In the container industry, shipping containers are referred to as ISO containers or Intermodal Containers, which are large standardized shipping containers designed and built for intermodal freight transport. Intermodal shipping containers can be as large as 53-feet long. 

Shipping containers must conform to the International Maritime Organization’s ISO (International Organization for Standardization) specifications. These standards ensure consistent loading, transporting and unloading of goods in ports around the world. The ISO standardization also mandates that containers meet the size and durability requirements to allow them to stack safely and uniformly on ships and trains. 

ISO containers are inspected every 30 months by a certified inspector to ensure the container is within specifications. Used ISO containers for sale that are still certified for shipping are referred to as “Cargo Worthy” containers.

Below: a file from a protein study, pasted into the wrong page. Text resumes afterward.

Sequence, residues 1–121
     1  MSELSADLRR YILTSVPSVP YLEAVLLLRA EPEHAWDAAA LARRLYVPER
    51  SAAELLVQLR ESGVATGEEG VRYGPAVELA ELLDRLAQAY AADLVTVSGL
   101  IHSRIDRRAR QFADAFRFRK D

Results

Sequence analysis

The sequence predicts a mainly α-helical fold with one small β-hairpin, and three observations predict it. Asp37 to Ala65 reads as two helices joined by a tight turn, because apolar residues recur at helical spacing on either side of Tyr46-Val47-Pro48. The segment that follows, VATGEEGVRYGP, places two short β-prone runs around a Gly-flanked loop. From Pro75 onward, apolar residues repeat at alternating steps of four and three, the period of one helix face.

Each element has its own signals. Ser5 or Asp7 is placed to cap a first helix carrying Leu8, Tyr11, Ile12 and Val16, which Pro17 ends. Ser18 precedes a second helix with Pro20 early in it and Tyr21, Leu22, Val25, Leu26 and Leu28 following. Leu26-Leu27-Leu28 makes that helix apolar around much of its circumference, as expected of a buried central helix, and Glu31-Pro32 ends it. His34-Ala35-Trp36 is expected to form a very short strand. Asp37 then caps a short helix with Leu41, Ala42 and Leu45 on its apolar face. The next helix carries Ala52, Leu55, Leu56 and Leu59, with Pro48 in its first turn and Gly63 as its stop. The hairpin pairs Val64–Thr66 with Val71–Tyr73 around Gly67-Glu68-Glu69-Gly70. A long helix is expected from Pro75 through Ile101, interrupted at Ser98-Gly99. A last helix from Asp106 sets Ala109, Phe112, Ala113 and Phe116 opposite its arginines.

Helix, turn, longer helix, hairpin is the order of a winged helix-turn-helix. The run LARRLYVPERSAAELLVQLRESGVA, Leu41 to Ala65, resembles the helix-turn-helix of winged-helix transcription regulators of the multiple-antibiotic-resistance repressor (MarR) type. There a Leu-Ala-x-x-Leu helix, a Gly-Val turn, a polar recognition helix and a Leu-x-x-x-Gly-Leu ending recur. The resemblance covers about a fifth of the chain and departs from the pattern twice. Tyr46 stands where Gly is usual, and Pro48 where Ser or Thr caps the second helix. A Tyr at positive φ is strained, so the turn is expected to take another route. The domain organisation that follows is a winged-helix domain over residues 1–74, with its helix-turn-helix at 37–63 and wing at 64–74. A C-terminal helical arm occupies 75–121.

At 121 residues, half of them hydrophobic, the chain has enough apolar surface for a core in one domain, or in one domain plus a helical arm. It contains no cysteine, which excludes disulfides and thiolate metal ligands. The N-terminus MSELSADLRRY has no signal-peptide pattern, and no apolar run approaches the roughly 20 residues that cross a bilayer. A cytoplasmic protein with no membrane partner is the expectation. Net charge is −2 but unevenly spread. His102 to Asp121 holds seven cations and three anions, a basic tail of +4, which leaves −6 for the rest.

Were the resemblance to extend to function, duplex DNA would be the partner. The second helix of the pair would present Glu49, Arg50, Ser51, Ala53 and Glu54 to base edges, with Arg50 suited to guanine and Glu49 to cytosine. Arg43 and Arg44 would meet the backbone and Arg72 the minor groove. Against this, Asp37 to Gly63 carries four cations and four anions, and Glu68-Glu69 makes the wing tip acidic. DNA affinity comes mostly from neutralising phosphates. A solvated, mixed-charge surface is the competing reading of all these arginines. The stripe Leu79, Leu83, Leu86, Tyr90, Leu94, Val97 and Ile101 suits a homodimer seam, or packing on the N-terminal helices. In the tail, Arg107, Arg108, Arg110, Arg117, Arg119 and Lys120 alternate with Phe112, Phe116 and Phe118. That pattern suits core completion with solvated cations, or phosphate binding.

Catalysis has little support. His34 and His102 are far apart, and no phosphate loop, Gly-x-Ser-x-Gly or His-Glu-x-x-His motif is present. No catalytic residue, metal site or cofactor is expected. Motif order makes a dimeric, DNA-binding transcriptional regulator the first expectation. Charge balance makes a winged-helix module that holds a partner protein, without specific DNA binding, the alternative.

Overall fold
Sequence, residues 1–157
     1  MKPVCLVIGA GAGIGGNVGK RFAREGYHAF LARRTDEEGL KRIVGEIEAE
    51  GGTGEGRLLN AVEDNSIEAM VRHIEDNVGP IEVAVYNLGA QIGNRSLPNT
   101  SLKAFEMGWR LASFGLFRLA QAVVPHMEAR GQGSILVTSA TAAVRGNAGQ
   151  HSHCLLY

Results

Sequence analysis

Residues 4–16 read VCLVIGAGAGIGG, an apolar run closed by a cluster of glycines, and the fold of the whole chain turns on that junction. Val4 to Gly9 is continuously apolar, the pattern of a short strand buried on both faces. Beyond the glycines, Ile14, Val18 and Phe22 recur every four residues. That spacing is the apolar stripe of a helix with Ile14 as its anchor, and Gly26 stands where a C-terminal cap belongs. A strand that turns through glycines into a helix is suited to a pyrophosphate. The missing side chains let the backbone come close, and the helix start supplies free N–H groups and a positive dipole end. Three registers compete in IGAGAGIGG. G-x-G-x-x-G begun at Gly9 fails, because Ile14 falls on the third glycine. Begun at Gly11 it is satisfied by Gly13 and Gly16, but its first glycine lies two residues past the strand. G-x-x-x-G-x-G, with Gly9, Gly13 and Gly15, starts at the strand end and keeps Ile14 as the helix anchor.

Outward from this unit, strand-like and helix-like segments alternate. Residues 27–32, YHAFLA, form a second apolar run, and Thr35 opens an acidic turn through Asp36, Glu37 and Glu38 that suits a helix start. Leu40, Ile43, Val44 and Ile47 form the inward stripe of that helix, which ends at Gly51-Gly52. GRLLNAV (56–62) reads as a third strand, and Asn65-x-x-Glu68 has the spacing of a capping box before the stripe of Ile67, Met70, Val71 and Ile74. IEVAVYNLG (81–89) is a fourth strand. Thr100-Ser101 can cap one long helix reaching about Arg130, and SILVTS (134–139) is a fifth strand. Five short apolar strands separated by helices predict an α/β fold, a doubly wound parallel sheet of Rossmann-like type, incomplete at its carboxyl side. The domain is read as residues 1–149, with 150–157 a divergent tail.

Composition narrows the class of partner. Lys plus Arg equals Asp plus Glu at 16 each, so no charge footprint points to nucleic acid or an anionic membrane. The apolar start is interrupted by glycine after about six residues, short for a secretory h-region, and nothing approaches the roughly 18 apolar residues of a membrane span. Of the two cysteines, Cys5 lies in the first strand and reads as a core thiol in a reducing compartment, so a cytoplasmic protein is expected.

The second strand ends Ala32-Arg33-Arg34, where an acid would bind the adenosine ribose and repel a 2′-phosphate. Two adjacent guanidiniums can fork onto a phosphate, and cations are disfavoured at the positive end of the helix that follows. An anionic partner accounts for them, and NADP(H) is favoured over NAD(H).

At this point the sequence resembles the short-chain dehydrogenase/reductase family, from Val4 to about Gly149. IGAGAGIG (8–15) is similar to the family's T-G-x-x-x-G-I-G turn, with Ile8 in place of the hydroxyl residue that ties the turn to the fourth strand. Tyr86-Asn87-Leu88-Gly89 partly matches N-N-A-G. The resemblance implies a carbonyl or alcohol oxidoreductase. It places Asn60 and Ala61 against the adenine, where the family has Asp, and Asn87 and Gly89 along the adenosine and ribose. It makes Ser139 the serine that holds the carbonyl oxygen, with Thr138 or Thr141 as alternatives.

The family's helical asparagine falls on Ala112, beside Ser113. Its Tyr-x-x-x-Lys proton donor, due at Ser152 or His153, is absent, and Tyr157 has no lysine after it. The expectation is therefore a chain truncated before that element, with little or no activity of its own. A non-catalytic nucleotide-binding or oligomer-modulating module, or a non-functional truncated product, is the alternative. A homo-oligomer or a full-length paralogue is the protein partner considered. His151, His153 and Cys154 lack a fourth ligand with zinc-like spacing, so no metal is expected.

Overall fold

Portable Storage Containers Are Not The Same As Conex Boxes

Another common way to refer to CONEX box containers is “storage containers” because they “store” goods during transport. However, it is not entirely accurate because portable storage containers are technically a different type of container.

Portable storage containers, sometimes called “moving pods" as popularized by PODS Moving & Storage Company, are light-weight storage and moving containers.

These personal storage and moving containers for sale come in sizes of 12ft, 16ft, and 20ft. They are 100% weather resistant with corrugated roofs to allow for optimal durability and water runoff. The floors are coated and sealed to provide a waterproof, non-slip, non-toxic, non-odorous surface. And they include forklift pockets, receiver tubes, d-rings, e-track and tie down rings, vents, and an ultra secure door locking mechanism.